Friday, July 29, 2011

Dwarf bagpiper painted

Finally worked on the dwarf bagpiper I got from Reaper. I enjoyed the sculpting but the drag is it is way bigger then the 28mm that I'm painting. I wanted to draft him into my Celtos warband for the Gaels/Irish don't have a piper, and why is a big oversight for the Gaels three instruments are the bodhran (small hand drum), harp, and the bagpipe.
     In the future my plans are to make Clare's Regiment (Wild Geese) in the Service of France. This infamous company had three generations of the O'Brien family as its commanders. A big problem is cannibalizing some figures to make a piper, for the Irish Brigade went into battle under the skirl of the bagpipes.
     My biggest problem in painting are the eyes. I just can't do the eyes yet. Read on one blog about using an artist mechanical pen to make the eyes. There isn't an art or drafting store nearby so I got an extra fine at Staples. Although one can make a small dot the blogger didn't mention the problems some figures might have with sunken eyes so the pen hits above & below the eye socket.
As for this figure, it shall just sit on my desktop computer tower.

Well my painting is getting better! Several visitors tipped the following:
  • to dilute the paint.
  • Layer with washes starting with darkest color and going lighter each wash. (Tried this and it worked very well, but . . . I don't have a wide variety of paint colors and this limits things. Yes I've tried using black and white to dilute the colors, and just not having a good experience with this.)
  • Dry brushing is getting better, SOMETIMES, such as with the piper's cape & hair.
Painted the bagpipe to look like mine, where the white is bagpipes used to use ivory. Today, such as mine, imitation ivory plastic is used since to use and have ivory now is illegal. Those who are really good piper's, have sterling silver replacing the ivory. Just noticed a small glitch which I shall correct. Forgot to paint black holes a top the pipe's. (The poor piper is going to huff & puff with no sound [although some would appreciate this lack of musical sound].)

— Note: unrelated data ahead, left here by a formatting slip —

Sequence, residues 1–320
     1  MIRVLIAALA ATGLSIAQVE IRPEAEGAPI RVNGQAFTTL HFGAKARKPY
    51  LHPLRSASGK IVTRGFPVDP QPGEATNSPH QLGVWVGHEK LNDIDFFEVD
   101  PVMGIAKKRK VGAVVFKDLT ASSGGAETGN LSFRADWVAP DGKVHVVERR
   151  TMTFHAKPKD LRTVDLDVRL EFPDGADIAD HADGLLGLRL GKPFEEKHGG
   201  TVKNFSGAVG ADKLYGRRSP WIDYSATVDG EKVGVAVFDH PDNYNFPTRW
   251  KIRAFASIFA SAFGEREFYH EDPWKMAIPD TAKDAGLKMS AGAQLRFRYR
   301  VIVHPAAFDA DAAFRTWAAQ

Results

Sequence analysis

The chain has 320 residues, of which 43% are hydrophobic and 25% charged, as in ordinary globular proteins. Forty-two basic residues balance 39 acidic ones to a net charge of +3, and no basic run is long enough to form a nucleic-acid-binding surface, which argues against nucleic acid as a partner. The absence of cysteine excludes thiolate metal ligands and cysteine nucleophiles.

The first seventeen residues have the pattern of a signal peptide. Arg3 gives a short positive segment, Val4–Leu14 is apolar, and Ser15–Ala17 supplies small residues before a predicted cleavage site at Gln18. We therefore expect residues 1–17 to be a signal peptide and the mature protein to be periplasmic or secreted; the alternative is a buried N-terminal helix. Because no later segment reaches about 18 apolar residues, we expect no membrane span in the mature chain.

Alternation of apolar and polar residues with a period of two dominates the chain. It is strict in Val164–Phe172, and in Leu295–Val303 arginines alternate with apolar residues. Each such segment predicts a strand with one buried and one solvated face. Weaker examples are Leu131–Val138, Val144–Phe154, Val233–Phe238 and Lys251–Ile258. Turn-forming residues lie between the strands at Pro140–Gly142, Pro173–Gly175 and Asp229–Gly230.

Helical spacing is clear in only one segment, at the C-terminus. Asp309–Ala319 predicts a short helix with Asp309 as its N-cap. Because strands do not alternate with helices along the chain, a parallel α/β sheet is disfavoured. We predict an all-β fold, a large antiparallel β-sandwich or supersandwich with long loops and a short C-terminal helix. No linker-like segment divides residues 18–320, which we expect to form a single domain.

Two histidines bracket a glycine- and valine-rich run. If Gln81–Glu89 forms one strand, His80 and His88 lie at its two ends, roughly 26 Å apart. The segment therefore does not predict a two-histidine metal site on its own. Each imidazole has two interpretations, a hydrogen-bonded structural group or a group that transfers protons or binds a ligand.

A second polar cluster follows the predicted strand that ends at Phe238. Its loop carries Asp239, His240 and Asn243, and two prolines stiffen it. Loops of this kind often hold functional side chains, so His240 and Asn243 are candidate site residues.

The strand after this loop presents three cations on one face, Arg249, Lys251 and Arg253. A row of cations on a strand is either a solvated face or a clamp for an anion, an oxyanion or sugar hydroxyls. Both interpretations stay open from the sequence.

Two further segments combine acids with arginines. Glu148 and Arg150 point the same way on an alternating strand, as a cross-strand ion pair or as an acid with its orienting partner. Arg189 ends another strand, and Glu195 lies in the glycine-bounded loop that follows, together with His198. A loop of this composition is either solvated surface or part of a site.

Friday, July 15, 2011

Celtos type of new game

     One of the tribes in my Gaelic/Celtos game that I'm creating are the Dwarves. In the original Celtos game the Dwarves are called "Vanir" out of Norse myth. The reason I'm not using the Celtos figures is 1) the cost, and 2) the difficulty is getting them. In the U.S. they do have a distributor but the California company has a problem with supply; they order a $30 restocking order and are charged $100 shipping with DHL. I could go to the makers and suppliers in England, but the cost of shipping and currency change for me is costly too. So I'm going with the basic idea of Celtos of various tribes warring for control of an imaginary island. Celtos' tribes are Humans/Gaels, Dwarves/Vanir, Elves/Sidhe, Undead-skeletons/Firbolgs, Beastmen/Fomorians. My new son-in-law, Alex, is a big time gamer and is writing the play rules, I'm providing the history. Included in the storyline will be encounters with the top ten scary things relating to Ireland: Banshees, ghosts, spirits, beheaded horseman, pookas/goblins, and vampires, etc. Also will have a story on the inauguration of the Gael king/chief, an enchanted forest, dolmens and standing stones. Each tribe will have a wizard/shaman/druid, as well as mounted troops of which the Gaels will have war-chariots, the Elves ride eagles and Goblins ride wolves.